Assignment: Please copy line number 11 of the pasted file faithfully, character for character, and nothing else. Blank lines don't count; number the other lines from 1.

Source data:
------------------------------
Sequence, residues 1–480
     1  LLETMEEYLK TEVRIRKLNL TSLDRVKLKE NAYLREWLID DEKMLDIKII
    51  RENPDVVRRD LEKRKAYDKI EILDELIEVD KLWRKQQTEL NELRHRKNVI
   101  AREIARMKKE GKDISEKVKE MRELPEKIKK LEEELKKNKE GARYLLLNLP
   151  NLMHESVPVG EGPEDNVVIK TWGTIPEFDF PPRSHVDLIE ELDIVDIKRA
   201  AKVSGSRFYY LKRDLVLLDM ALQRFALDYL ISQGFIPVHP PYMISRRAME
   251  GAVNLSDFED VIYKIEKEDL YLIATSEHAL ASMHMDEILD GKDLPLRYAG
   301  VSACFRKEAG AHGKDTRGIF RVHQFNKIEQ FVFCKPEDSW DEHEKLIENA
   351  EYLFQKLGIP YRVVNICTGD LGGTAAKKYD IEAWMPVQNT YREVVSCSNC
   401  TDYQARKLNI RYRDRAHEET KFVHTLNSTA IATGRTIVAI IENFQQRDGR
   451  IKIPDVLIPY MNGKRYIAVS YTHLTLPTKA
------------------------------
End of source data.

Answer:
   451  IKIPDVLIPY MNGKRYIAVS YTHLTLPTKA